Friday, November 04, 2005

Libby's Lying Habit

Dennis Kelleher is a legislative director for a Democratic senator.  He was the deputy staff director and general counsel for the senior Democrat on the Senate Committee on Help, Education, Labor and Pensions and he was a litigation partner at the law firm of Skadden, Arps, Slate, Meagher & Flom. The views expressed are his own.

As the scandal over the outing of the CIA agent mushrooms throughout the White House, people are asking an obvious question: Why didn’t the vice president’s indicted chief of staff and other senior White House officials just publicly and directly rebut Ambassador Wilson’s criticism? He said that the administration “twisted” some of the intelligence related to Iraq’s nuclear weapons program “to exaggerate the Iraqi threat” and mislead us into the war with Iraq.

Those were deadly serious charges that the administration should have been able to rebut rather quickly and easily. But it never did.  Instead, the Libby indictment alleges that the vice president’s former chief of staff and other administration officials engaged in a far-reaching effort to discredit Wilson and disclose the identity of his CIA agent wife. This was all done by off-the-record leaks from senior administration officials who insisted that reporters conceal their identities.

Yesterday’s Why Would Libby Lie?  explored why Libby might have lied months after the leaking was done: to prevent a scandal from breaking out in the weeks before November 2004, which would have threatened the president’s re-election.  But why, in the summer of 2003, leak in the first place?  Why plan a sneak attack on Wilson, and why out his CIA-operative wife? 

To answer those questions, we have to revisit what was happening when the leaks occurred.  In late spring, early summer 2003, the war was becoming much more difficult and more protracted than anyone in the Bush administration ever suggested might happen. The press and others were just beginning to raise serious questions about the justifications offered for the war, particularly because not a single weapon of mass destruction had been found.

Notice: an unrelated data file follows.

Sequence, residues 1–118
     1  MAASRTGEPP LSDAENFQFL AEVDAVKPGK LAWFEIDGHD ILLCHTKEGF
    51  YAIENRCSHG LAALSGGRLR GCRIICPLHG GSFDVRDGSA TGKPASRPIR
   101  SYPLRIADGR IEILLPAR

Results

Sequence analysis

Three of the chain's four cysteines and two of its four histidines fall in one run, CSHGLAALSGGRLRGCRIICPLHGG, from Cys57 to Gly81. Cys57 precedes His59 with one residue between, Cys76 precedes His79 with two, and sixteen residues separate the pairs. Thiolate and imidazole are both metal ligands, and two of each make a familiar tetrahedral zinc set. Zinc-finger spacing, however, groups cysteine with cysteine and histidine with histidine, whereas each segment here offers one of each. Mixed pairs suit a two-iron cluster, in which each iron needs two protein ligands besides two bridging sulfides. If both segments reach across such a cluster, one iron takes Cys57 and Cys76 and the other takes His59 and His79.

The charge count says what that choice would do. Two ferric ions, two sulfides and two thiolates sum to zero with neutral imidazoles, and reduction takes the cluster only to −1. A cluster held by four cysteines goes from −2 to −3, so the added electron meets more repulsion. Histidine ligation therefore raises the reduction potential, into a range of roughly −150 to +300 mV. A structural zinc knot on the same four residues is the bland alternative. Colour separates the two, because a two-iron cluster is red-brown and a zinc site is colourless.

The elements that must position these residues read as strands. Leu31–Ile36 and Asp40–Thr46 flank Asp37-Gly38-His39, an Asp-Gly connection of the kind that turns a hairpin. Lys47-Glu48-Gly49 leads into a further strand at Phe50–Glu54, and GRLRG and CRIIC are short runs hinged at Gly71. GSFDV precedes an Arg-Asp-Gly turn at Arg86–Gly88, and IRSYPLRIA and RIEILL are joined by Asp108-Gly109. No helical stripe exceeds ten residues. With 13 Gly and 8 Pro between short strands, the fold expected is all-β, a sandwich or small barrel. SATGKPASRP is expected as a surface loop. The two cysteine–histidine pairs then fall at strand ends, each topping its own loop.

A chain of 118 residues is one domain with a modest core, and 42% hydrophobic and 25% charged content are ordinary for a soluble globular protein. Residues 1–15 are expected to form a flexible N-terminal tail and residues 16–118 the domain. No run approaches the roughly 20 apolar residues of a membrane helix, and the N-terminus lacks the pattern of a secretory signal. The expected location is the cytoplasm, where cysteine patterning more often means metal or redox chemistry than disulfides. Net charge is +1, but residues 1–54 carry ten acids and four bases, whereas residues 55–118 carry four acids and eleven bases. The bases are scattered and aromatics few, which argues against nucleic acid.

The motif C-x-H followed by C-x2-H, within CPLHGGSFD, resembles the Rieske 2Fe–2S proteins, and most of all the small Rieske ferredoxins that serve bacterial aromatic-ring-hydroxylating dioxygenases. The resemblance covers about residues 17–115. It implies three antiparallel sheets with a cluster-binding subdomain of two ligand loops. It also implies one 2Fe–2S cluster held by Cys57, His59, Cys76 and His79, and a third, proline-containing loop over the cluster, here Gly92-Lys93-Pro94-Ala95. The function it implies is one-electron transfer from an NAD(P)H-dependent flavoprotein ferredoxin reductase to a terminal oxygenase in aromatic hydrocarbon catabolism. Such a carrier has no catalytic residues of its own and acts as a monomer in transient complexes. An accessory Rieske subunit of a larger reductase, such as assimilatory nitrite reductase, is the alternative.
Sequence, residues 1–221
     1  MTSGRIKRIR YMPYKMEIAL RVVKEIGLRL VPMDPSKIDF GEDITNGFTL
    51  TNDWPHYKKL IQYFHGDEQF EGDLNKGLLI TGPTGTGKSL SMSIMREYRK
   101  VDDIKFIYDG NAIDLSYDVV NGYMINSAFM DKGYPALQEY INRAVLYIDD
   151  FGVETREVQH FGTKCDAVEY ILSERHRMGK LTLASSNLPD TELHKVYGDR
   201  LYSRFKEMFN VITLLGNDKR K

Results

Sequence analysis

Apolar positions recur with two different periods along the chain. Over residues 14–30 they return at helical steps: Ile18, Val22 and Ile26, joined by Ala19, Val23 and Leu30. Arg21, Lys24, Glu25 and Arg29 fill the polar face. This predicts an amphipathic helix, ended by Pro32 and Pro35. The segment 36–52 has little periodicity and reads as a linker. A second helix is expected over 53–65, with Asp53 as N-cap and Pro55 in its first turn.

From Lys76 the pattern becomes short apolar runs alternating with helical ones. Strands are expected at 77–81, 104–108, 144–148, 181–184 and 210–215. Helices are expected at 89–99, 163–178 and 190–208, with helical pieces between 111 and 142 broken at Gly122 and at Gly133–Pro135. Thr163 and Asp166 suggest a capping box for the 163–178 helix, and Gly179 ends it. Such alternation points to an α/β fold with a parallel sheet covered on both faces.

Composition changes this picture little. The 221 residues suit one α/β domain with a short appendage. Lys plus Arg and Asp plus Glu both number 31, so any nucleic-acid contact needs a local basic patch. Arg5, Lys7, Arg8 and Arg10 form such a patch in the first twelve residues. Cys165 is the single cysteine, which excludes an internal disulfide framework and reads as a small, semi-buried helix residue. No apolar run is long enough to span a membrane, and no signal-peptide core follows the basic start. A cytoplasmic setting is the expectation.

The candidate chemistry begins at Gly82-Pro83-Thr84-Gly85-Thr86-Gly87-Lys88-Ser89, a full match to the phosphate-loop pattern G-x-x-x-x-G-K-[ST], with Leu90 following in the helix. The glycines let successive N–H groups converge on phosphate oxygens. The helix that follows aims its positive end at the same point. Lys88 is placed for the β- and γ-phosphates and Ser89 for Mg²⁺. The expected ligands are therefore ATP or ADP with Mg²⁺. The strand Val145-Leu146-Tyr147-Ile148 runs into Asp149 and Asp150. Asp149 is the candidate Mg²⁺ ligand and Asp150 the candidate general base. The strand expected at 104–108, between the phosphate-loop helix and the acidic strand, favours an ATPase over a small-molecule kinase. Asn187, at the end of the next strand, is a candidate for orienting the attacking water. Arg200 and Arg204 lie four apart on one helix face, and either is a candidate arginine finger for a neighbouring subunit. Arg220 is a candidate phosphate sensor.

It was right at that time that Ambassador Wilson began to publicly state that “some of the intelligence related to Iraq’s nuclear weapons program was twisted [by the administration] to exaggerate the Iraqi threat.”  Wilson based this on personal knowledge because the CIA sent him to the African country of Niger, in February 2002, to investigate whether the veracity of a report that Iraq was trying to obtain materials for building nuclear weapons. 

Wilson concluded that the report was “highly doubtful” and that it would be “exceedingly difficult” for Iraq to do that.  One reason for that conclusion was that Iraq was reportedly trying to obtain 500 tons of nuclear material— not something easy to get, transport, conceal or keep quiet.

Equally important, it was Cheney himself who asked for an investigation of the report that Iraq was trying to get this nuclear material from Niger. That request prompted the CIA to send Wilson to Niger and Wilson reported back to the CIA, the State Department and others in the administration in March 2002.  While Wilson did not report directly back to Cheney, there can be little doubt that Cheney was briefed on Wilson’s trip and its conclusions.  After all, this is exactly the information the vice president of the United States had requested in the first place.

Yet, during the remainder of 2002 and until the war began in March 2003—a year after Ambassador Wilson’s report—Bush, Cheney, Powell, Rice and other administration officials repeatedly stated that Iraq had weapons of mass destruction, posed a nuclear threat and that war was necessary.  Indeed, Bush referenced the Iraqi nuclear threat in his January 2003 State of the Union address to the nation.  Bush specifically referred to a report that Iraq was trying to get nuclear weapons materials from an African country, the now infamous “16 words” that had to be withdrawn by the White House.

In many ways, Iraq’s alleged nuclear threat was the most important argument for war. For ordinary Americans, it was as simple and easy to understand as it was ominous and terrifying.  The mere mention of a mushroom cloud, mankind’s greatest fear, sent shivers up the spines of all Americans.  It was a very compelling argument.